Fortune's End: The Mysterious Murder of Sir Harry Oakes
There have been many theories which have attempted to explain the mysterious events surrounding Sir Harry Oakes' murder. In Kirk Wilson's book Unsolved Crimes he discusses the many theories which gained momentum following the trial of Freddie de Marigny. Most of the theories implicate one or more of Nassau's prominent citizens, including Sir Harold Christie, Axel Wenner-Gren and the Duke of Windsor. It has even been theorized that the Mob may have played an integral role in Oakes' death. However, although some of the theories have proven to be persuasive, none have ever been substantiated.
There are some who believe that Sir Harold Christie was responsible for the murder. It has been speculated that Christie realized the enormous money-making potential casinos would bring to the island and became angered at Oakes' attempts to thwart the deal with Frank Marshall. It was then believed that Christie either committed the murder himself or hired someone to do it, thus making certain that Oakes would no longer interfere in the moneymaking scheme.
Another theory postulated that Frank Marshall and his alleged Mafia business associates were responsible for Oakes' murder. Marshall was connected with powerful mobster Charles 'Lucky' Luciano and his associate, Meyer Lansky. Lansky and Luciano were thought to have masterminded the idea of developing casinos on the islands which was proposed by Marshall to Oakes, Christie and the Duke. The island's three prominent citizens had the ability to make or break the deal, considering their political and social status and financial capabilities. It was believed that Luciano and Lansky orchestrated the murder of Sir Harry Oakes when he refused to take part in the enormous moneymaking plan.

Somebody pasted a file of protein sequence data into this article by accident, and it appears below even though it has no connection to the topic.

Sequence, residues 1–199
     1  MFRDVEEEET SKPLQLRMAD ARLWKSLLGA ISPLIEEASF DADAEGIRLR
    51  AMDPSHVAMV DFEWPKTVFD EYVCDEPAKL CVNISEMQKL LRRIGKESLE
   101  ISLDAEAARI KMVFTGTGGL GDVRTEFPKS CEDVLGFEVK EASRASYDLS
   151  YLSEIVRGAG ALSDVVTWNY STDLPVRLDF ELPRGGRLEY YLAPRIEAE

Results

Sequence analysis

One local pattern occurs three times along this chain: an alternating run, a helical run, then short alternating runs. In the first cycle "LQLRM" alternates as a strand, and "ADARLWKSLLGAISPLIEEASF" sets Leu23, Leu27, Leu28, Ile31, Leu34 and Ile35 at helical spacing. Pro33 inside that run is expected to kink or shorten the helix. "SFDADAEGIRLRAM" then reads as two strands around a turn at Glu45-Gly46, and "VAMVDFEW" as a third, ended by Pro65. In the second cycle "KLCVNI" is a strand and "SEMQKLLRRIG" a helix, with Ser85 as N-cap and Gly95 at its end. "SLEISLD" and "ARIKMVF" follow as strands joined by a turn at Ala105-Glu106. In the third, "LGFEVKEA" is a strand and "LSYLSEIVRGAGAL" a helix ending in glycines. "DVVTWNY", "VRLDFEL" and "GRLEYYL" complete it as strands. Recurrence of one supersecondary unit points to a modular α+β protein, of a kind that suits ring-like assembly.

Axel Wenner-Gren and the Duke also became suspects in the murder of Oakes following the exoneration of Freddie. Wilson describes the theory that Wenner-Gren may have had Oakes murdered because he knew too much about a secret spy operation he was involved in. Moreover, it has been suggested that the Duke was involved in the murder plot against Oakes based on similar motivation. Oakes was believed to have been aware of the Duke's supposed connections between Wenner-Gren and the German Nazi party.
The various theories ranged from improbable to very convincing. However, even the most convincing theories lacked some fundamental proof and the little remaining evidence continues to diminish with time. Therefore, the circumstances surrounding Oakes' death are likely to remain unknown or at least unconfirmed for all time.